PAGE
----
Comicpalooza Returns to the George R Brown Convention Center

A family gets together and dresses like Ghostbusters.
A family gets together and dresses like Ghostbusters. Photo by DeVaughn Douglas
Throngs of fans dressed as characters from anime, manga’s, comic books, hit shows and movies lined up early Saturday morning in front of the George R Brown Convention Center. As fans dressed as different characters filed through security, Bill H. lined up alongside them.

“I’ve been coming here for five years,” exclaimed Bill H. while he jokingly explained the “H” in his name was for Houston. “I come here every year to people watch. The people. The cosplay stuff. The celebrities. I don’t do the autograph thing, but I do like to see who’s there.”

The event with the celebrities, cosplayers, and people is the return of Comicpalooza, the three-day celebration of all things comic related and more that has been running since 2008 — with the exception of 2020 during the height of the pandemic. It began as a small gathering in the lobby of Alamo Drafthouse but over the last decade and a half it has grown into a convention that encompasses much more than just cosplay, celebrities, and autographs. The convention is a multi-format collection celebrating comics, sci-fi, anime, cosplay, literature, fantasy, horror, films, games, wrestling, cars, renaissance, robotics, podcasting, and more spread out over 1.1 million square feet in the downtown complex.

Some of this year’s guest were actor William Shatner of Star Trek, Christopher Judge from God of War, Tenoch Huerta of Black panther fame, Jaime Hector from The Wire, WWE wrestlers Mick Foley and Lita, comic creator Frank Cho, writer Kij Johnson, and astronaut Stanley Love. Chad Coleman of The Walking Dead, The Wire, The Orville, and Superman & Lois took a break from signing autographs to speak about the impact of conventions like Comicpalooza.
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Elton Fite poses in front of his booth alongside his brother.
Photo by DeVaughn Douglas
“It’s a love fest here. We all want validation and acceptance and that’s what the fans bring,” said The Wire alum as he glanced over headshots being set up for him to sign for fans. “Conventions like this give us the opportunity to give that love back to them.”

The convention not only gives established actors like Coleman the opportunity to meet and greet with fans but also give up and coming indie creators a chance to showcase their works to new audiences. Elton Fite is one such creator who joined the many indie creators at Comicpalooza.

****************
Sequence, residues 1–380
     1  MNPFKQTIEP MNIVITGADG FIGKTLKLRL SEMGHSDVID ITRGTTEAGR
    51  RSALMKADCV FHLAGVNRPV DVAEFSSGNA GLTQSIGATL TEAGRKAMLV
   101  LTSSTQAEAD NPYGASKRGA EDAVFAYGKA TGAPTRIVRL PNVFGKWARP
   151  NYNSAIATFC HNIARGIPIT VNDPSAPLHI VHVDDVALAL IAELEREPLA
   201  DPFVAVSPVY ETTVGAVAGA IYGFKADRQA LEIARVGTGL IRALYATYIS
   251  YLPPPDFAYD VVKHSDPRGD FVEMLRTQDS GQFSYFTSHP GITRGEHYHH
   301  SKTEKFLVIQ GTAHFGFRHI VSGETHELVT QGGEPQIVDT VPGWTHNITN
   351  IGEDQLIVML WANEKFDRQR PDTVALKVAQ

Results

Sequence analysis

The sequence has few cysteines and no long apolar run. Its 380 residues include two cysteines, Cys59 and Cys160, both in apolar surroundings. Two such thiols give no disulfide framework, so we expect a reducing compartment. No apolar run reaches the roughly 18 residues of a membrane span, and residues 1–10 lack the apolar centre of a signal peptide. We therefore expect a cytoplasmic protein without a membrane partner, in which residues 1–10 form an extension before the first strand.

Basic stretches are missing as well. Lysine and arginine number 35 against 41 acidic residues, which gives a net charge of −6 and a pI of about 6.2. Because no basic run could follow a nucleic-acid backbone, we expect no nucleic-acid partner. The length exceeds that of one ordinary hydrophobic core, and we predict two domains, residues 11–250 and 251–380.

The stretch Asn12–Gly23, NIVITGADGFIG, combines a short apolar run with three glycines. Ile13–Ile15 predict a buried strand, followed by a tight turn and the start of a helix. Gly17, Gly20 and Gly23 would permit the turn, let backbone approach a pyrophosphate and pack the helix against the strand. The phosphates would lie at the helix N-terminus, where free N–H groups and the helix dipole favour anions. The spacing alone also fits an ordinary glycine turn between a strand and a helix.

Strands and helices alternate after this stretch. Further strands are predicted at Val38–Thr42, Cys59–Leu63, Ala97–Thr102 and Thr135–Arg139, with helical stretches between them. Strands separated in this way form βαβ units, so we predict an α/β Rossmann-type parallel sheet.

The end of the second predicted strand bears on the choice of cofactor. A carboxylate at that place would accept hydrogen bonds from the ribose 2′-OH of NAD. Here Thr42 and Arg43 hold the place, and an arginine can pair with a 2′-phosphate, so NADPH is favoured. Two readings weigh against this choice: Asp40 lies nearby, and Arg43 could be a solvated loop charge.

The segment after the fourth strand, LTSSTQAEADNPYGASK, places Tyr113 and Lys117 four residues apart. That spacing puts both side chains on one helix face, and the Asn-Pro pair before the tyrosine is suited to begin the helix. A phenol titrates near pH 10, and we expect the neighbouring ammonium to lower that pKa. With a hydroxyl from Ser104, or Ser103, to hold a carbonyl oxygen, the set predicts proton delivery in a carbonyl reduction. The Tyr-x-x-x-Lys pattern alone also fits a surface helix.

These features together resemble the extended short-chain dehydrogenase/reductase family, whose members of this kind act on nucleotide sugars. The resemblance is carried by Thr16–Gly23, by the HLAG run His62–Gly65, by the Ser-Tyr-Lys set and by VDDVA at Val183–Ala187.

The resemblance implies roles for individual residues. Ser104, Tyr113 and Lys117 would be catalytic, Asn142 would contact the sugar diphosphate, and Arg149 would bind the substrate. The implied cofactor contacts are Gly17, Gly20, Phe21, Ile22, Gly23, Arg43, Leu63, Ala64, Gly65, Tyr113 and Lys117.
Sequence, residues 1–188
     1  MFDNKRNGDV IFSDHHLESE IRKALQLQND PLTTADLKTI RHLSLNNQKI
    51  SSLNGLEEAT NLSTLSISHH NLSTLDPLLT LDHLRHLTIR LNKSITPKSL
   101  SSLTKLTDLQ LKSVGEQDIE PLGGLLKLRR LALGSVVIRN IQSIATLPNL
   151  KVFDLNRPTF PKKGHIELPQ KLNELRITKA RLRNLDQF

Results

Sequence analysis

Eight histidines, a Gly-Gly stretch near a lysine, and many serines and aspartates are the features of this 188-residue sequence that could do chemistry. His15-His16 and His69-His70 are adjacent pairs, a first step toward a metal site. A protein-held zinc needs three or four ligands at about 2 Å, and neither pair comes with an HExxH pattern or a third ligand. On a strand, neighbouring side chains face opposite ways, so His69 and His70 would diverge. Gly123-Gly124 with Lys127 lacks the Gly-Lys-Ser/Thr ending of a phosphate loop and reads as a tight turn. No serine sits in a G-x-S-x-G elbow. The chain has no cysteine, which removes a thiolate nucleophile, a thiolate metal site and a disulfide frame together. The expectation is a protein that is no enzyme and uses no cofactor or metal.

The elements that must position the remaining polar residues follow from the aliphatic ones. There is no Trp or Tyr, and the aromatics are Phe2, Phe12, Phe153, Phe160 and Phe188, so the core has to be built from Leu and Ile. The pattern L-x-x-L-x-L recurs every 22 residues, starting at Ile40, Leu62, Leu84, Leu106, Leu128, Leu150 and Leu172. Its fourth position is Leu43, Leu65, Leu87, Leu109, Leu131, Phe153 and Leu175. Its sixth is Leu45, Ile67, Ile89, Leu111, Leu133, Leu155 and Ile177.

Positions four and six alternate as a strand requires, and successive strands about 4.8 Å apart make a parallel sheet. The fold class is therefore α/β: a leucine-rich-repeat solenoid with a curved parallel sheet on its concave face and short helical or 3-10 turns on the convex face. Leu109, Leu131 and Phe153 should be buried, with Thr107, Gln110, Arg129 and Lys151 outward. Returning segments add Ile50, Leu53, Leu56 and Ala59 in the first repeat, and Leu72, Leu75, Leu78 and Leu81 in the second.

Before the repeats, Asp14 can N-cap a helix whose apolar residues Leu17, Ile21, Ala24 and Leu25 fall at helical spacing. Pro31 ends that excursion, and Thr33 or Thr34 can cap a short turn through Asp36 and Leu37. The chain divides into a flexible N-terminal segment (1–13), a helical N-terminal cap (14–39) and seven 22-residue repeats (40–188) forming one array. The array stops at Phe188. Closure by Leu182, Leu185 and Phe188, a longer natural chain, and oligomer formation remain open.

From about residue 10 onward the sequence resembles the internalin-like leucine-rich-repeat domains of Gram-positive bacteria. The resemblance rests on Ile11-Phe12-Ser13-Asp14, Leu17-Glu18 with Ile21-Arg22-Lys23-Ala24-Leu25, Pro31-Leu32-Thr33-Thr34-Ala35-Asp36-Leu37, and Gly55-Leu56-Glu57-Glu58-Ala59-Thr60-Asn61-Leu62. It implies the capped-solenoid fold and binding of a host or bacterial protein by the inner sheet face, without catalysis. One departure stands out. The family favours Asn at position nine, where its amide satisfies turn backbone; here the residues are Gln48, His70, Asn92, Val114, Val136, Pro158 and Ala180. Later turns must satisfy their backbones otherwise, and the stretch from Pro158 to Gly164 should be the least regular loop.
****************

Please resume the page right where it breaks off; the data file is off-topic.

“I’m the creator of Kid Shogun,” he said proudly as he stood in front of his booth alongside his brother. “Events like this are important because it allows people like me to get our creative juices out. It gives us an avenue to share what we have made with the world while also helping us to make a living from our art.”

Comicpalloza is all things to all fans, and, at times, it can just look like a hodgepodge of all things fantasy alongside reality. One side of the convention center is dedicated to a series of cars that are painted to represent various intellectual properties like Friday the 13th, Ghostbusters, the Joker, and Super Mario all sitting below a rotating moon set up by NASA. The NASA booths gave another aspect to the gathering, connecting convention goers to the reality of the organization responsible for space exploration.
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Young fans dress like everything, from Disney princesses to Marvel superheroes.
Photo by DeVaughn Douglas
“These people are our people,” said Michael Flores as fans stopped to take pictures alongside an astronaut figure. “We love being here because we’re able to show the sci-fi aspect and practical application of a lot of the fantasy ideas that are happening in these various worlds. We have fans that are reading fictional sci-fi next to us and we’re showing them how we’re going back to the moon. It gets them excited to ask deep, probing questions. They want to know why, and we bring them the experts to show them the answers.”

For fans that missed Friday’s opening and Saturday’s festivities there is still more time as the convention’s last day is Sunday. Get there early so you can explore everything the three floors of activities that the George R Brown has to offer.
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Houston Press contributor DeVaughn Douglas is a freelance writer, blogger, and podcaster. He is 1/2 of the In My Humble Opinion Podcast and 1/1 of the Sleep and Procrastination Society. (That last one isn't a podcast; he just procrastinates and sleeps a lot.)